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Kibo*

We still see stars shine

when they are gone. So we can

see you in your dark.

.

A patch of clear floor,

in a crowded, messy room 

clears space in my mind.

.

You may feel alone

but orbiting you are those

who can pull you close. 

.

Galaxies form from

words on a page, opening 

up more world to me. 

.

A shout, the void hears.

Fall onto a black hole and

friction makes you shine. 

.

One small step for most

is a massive leap for some.

Cheer ev-er-y inch. 

.

Astronauts need teams

to stay safe in the expanse 

of space. There’s as much

.

unexplored in our

brains. Humanity wants to

find others like us.

.

‘Living with’ is a 

mantra for alien thoughts 

that invade. Come in

.

Peace not pieces, pick

up the flag. I was here. We

shall live together. 

.

*nickname for the Japanese Science module on the ISS. Means hope.

Written back in April – shared tonight to remind myself whilst struggling. 

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Stories for Homes Volume 2 – Blog Tour 

This second anthology of short stories, flash fiction and poetry on the theme home is published in support of Shelter. This edition is dedicated to those affected by the Grenfell Tower fire and the foreword talks about the impact of Brexit on feelings of home especially for migrants. 

Personally I feel, having talked to friends who feel similarly, that even British natives have had their sense of home pulled away by the animosity over Brexit. That feeling of safety, of thinking you know what people around you are like, has been undermined. 

With that being said the stories contained within the book offer snapshots into sense of home and belonging. For me I find it difficult to read a whole book of short pieces in one sitting and so this will be a book for me to dip into in waiting rooms and spare 5 minutes. 

The first entries out of 55 range from a brief snapshot of a moment of routine which captures the sense of being at home with another person (TED BONHAM – The Life This Is) to fighting systems that can prevent you finding a, or feeling at, home (MICHELE SHELDON Monsters) and the whimsical tale of, I assume a homeless woman, who shares the little she has and lets a seagull take up residence on her head ( SHARON BENNETT – Seagull). 

The voice and palpable sense of longing drew me into the story of a woman returning home after a jail sentence by LEIGH FORBES (Coming Home). And I also picked out the following story, from later on in the book, to read based on its title. ISABEL COSTELLO’s A Place to Paint Yellow explores whether home is a person, a place or a feeling and what happens when those things change or are lost. Its protagonist being an obese woman also examines feeling at home in your own skin.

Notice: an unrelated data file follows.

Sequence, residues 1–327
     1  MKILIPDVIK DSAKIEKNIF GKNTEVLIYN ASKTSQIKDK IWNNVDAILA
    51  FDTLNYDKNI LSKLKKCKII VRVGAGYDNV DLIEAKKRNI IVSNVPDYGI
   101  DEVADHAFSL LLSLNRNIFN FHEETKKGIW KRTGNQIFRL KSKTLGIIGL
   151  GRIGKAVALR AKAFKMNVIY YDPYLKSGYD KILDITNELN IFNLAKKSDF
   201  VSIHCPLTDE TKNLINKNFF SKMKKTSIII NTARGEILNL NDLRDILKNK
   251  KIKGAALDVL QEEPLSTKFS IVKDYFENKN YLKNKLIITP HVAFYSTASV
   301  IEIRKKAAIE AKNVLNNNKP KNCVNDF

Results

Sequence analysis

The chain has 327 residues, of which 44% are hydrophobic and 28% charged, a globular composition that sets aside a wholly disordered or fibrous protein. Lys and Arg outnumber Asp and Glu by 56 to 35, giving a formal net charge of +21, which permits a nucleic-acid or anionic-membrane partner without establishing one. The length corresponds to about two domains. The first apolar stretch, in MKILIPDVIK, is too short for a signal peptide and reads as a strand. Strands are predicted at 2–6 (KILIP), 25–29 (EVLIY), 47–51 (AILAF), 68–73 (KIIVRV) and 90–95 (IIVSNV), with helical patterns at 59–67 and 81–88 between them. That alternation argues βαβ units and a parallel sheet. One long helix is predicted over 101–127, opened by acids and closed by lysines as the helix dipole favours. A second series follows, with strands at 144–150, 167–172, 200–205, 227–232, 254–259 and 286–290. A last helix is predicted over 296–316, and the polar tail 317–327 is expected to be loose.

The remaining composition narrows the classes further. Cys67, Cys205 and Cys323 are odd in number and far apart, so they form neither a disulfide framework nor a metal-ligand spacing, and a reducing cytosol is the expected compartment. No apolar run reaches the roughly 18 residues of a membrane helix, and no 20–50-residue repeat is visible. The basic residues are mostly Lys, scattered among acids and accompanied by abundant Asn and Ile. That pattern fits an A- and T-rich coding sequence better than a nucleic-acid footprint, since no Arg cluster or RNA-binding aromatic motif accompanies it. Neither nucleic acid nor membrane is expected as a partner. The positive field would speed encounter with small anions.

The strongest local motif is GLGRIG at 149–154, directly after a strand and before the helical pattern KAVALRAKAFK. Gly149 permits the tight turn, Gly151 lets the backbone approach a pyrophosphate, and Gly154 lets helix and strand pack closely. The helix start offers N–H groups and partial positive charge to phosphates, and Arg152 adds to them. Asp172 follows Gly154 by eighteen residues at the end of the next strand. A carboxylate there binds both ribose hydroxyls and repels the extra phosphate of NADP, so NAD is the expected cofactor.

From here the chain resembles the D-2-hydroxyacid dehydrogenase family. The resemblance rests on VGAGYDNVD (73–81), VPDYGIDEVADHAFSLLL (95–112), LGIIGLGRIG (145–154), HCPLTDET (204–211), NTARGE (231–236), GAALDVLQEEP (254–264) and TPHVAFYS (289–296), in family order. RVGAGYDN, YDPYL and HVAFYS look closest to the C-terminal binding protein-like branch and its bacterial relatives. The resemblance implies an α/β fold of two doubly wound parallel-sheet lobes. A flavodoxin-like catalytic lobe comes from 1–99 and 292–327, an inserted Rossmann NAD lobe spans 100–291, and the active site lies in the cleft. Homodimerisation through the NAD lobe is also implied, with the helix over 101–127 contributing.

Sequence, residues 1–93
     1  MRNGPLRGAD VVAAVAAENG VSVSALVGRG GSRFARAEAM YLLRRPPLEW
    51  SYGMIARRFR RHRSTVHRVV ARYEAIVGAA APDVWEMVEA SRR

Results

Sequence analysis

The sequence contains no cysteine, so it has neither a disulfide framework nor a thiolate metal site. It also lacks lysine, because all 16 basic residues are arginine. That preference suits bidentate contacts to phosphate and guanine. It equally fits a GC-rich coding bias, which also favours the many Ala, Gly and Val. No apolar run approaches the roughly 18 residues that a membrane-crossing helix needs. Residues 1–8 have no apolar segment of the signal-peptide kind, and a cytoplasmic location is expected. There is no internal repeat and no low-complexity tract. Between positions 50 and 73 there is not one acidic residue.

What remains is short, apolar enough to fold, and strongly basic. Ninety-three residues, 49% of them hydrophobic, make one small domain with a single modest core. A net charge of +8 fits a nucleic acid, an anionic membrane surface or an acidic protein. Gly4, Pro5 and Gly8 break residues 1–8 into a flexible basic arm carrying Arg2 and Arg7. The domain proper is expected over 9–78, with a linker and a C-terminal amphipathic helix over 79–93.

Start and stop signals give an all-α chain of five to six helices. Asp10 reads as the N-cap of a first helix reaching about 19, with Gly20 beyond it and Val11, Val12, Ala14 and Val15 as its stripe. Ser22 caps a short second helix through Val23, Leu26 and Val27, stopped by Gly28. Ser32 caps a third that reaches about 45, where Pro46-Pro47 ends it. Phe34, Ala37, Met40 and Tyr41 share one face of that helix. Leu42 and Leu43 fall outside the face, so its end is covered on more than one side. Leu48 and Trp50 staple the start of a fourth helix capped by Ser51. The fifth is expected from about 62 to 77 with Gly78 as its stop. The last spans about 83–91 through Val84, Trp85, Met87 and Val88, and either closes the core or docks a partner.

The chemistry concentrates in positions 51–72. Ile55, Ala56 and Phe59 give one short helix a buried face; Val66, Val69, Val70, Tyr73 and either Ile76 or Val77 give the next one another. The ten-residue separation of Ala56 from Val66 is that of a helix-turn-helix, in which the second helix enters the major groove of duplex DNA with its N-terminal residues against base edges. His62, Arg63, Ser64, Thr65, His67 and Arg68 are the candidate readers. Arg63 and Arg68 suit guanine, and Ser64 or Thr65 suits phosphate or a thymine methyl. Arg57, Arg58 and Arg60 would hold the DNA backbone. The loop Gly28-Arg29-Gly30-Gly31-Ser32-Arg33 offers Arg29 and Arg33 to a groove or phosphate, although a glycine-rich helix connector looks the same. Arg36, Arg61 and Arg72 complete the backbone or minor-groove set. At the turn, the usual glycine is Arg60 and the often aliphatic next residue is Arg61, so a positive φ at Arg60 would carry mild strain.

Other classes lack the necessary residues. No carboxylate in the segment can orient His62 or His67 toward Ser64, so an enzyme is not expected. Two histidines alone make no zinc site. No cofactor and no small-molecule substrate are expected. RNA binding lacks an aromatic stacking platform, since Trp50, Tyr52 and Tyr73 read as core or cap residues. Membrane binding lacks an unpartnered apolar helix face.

Shelter, the charity which Stories for Homes supports, cites three main criteria for housing: safety, stability, affordability. The UK is currently failing its citizens on every point. Volume one raised over £3,000. Buy this book to help them help others. It’s available as an e-book with bonus online content here – http://storiesforhomes.wordpress.com/
 

Joanne Harris, author of Chocolat, said: “Stories give our imaginations a home. It’s good to see them helping to give people shelter in the real world, too…” reflecting the connection between the immediacy of housing crisis and the stories people tell about their lives around and within it.

Here’s a 6 word story I wrote as part of a challenge last September. 


Do check out the rest of the blogs promoting the book to see which entry felt most like home to them.


I received a copy of this ebook for the purposes of review. Opinions are my own. 

A response to The Urban Astronaut by @HighlySprung #bythesea16

We are choking off

Our air supply

Our freedom of…

Ripping up

Ripping out

Laying waste to even

The earth we walk on

Isolated from


Ourselves

Each other 


Can isolated effort be enough

If we each plant a seed


Tend to it

Protect it

From invasion 


Show others its importance 

To our health and happiness 

Dance to its beat 

And our own inner tune

Ignore government 

Telling us we’re British 

Not European

Take that giant leap


And shout

We’re humankind 

Kind humans 

Listening to

Living with 

Caring for

Each other


Our planet 


Urban astronauts 

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